No tolerance for military sex assaults

June 5, 2013 

They kept on their best military faces, but the commanders of America’s armed forces had to be uncomfortable Tuesday as they came under sometimes withering examination by United States senators at a meeting of the Armed Services Committee. This was a no-nonsense appearance, as members of Congress have become increasingly angry about the spread of sexual assaults in the military branches and inexcusable lapses in the prosecution of offenders.

Changes are coming, and despite the commanders’ objections, changes should come. Several senators have suggested removing jurisdiction over sexual assault charges from the commanders in the military justice process.

There have been claims that some commanders in the ranks have interfered in the process to the detriment of justice. Seven bills before the committee are likely to change things, perhaps to the dislike of protective commanders but maybe for the betterment of justice.

Several women senators, including North Carolina’s Sen. Kay Hagan, took on the military leaders with a directness they’ll not soon forget.

And the commanders must have been shook up when no less than Vietnam hero Sen. John McCain recounted a mother coming to him to ask if he could support her daughter’s wish to join the military.

“I could not,” McCain said. “I cannot overstate my disgust and disappointment over the continued reports of sexual misconduct in our military. We’ve been talking about the issue for years, and talk is insufficient.”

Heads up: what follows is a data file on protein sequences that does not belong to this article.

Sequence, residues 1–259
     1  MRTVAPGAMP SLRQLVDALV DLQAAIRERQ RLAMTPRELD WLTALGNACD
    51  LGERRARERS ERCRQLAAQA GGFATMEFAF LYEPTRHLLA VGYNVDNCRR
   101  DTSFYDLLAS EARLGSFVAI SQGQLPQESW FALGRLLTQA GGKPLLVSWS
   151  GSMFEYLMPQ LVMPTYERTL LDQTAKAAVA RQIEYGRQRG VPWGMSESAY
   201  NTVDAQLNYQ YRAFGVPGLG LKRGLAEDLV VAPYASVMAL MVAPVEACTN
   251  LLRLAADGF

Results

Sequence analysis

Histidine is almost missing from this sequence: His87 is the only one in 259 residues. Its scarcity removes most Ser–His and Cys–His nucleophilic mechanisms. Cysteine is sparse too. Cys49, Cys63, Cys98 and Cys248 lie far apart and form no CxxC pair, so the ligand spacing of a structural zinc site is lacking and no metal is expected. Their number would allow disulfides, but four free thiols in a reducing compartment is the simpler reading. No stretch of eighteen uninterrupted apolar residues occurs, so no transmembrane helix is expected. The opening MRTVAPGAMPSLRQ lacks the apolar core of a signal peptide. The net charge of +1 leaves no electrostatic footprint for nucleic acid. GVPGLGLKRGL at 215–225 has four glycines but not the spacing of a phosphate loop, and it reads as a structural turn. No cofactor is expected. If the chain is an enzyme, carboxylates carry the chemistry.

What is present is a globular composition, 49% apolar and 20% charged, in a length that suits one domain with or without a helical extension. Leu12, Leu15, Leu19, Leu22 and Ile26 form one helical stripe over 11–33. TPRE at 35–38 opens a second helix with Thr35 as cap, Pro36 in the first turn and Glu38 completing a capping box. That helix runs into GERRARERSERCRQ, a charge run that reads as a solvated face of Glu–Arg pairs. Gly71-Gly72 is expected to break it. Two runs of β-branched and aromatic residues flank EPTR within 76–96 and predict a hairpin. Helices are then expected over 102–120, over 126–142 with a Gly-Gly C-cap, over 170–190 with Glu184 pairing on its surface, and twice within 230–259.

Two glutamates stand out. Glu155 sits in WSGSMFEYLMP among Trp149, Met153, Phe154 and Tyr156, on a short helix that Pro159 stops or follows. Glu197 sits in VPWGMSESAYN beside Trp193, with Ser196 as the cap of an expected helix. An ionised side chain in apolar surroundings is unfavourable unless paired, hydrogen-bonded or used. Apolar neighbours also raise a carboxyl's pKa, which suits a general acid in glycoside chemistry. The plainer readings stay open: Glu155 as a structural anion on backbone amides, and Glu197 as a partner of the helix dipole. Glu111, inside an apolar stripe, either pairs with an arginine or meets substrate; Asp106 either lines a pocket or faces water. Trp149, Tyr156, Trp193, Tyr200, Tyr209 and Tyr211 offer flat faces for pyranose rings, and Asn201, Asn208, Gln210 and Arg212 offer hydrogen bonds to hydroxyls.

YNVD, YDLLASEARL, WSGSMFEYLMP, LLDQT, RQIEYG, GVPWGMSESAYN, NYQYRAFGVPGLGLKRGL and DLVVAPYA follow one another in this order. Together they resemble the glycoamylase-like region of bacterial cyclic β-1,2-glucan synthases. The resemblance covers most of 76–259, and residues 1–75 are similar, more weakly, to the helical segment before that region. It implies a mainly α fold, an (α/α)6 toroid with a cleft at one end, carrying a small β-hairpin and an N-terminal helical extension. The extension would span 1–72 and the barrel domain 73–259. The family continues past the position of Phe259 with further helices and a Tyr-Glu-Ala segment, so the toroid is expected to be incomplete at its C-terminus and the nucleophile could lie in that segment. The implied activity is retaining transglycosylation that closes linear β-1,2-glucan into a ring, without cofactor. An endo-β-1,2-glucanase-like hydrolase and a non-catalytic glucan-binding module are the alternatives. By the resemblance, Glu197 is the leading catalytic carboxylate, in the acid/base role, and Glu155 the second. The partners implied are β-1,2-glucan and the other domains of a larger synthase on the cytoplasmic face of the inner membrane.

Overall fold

‘Like a cancer’

Sen. Kirsten Gillibrand of New York brought one issue to the fore, the fact that “not every single commander necessarily wants women in the military.” Gillibrand wants to deny commanders the authority to decide when criminal charges are filed, and remove the authority of senior officers to convene courts-martial. Basically, there is a sentiment that sexual assaults in the military should move to a more civilian-type process to ensure that nothing is covered up or ignored because of the sentiments of officers.

At least these chiefs of the military branches didn’t deny and obfuscate. They acknowledged problems. One called the assaults “like a cancer” in the military.

Indeed, the Pentagon recently estimated that as many as 26,000 members of the military, the vast majority of them women, may have been sexually assaulted last year, but only 3,374 were reported. That shows, of course, that there is a feeling in the ranks that sexual assaults are not taken seriously up the chain of command.

Matter of trust

“Sexual assault should not be tolerated or accepted as part of military culture,” said Hagan, who’s signed on to some of the proposals to strengthen protections.

Hagan has been focused on the issue for some time, not afraid to speak out and demand action. Given North Carolina’s prominence as home to several military bases, that’s appropriate. But the senator is among those who gave this issue attention and hasn’t let it fade.

And speaking of the chain of command, Tuesday’s hearing was a reminder, a necessary and encouraging one, that members of the Congress intend to assert their supervision of the military. America’s tradition of civilian control is important, and the issue of sexual assault is an example of why.

For all the attempts by military leaders to stem drastic congressional action, it’s clear that something has to happen, and soon. There must be ways for sexual assaults to be reported and prosecuted without the person making the complaint being threatened with career damage.

This is a serious problem that according to statistics from the Pentagon seems to be getting worse. Doing something should be viewed by the generals and admirals as a direct and urgent order. And it’s an order from those who have the final say over military budgets and priorities. That should help the sense of urgency.

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